What is a Relieving Angle?
Definition of Relieving angle in Construction
A structural steel member that relieves the weight of another system constructed within the building.
Relieving angles normally relate to masonry brick, stone, or other types of cladding that have significant weight to their systems. This weight is held up by a relieving angle that is supported on both ends by a structural member, or supported along its length .
The proper scheduling of relieving angles is essential to the progression of work on the project. In many cases, the relieving angles are either galvanized or stainless steel, requiring a long period of time, from approval of shop drawings to delivery to the jobsite. Relieving angle size and location is determined by the structural engineer for the project. Incorrect design can cause failure of the system being supported by the relieving angles.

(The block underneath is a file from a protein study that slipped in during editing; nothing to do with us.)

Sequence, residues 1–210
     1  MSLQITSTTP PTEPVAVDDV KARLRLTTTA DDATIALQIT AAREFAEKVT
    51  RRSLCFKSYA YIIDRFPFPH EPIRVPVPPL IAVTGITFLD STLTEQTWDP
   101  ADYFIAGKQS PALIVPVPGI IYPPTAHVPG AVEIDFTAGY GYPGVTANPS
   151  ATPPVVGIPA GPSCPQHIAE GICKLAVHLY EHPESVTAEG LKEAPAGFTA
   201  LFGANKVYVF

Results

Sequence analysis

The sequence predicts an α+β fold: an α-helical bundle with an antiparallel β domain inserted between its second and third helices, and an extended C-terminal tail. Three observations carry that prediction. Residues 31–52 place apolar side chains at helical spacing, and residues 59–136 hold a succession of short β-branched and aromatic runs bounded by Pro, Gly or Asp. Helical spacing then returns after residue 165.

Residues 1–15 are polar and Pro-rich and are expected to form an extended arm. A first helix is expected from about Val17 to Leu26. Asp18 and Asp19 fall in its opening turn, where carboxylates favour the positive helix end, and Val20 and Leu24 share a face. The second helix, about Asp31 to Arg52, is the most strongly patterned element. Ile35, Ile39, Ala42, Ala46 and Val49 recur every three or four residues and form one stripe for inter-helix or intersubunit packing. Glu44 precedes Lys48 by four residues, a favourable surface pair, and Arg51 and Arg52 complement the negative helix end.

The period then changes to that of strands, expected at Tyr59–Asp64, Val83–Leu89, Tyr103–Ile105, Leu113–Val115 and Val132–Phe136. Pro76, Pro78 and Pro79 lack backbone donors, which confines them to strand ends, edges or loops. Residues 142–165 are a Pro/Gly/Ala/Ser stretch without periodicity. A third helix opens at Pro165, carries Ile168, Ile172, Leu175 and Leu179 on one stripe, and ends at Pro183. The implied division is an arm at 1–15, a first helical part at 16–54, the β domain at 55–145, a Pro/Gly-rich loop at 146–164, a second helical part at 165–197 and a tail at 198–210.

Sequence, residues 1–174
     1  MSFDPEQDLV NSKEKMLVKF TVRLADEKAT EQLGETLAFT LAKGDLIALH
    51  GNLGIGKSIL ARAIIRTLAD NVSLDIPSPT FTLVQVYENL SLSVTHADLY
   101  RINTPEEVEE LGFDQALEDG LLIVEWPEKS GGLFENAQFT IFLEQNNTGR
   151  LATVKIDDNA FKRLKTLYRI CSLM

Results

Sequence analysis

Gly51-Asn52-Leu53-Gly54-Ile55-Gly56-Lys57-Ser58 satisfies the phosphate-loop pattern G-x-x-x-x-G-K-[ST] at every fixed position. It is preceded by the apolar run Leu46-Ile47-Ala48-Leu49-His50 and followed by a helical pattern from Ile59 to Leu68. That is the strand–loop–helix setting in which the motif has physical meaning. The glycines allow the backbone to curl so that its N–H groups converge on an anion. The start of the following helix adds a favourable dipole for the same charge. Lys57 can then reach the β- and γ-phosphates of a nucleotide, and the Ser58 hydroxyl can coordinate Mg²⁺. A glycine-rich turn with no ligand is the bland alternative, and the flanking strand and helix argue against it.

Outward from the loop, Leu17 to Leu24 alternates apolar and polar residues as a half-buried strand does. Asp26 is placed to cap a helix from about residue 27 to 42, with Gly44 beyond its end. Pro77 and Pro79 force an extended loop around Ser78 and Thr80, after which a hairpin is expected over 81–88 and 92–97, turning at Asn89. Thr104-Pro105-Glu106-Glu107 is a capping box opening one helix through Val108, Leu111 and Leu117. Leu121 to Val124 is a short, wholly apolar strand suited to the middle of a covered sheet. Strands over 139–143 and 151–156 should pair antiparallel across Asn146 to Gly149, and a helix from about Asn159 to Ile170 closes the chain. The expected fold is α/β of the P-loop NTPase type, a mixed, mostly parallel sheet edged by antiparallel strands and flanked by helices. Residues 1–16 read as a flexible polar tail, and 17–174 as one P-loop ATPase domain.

Restoration projects, in many cases, include the rehabilitation of deteriorating relieving angles by welding additional reinforcement or providing new coatings to the existing angles. The structural connections of relieving angles, to the overall structural frame, is an important aspect of the structural strength of the system. In addition, the proper leveling of the angles, as well as the type of attachment, is important to the integrity of the systems they support. The accuracy of the jointing and the integrity of the masonry systems being supported by the relieving angle are totally dependent upon these supports.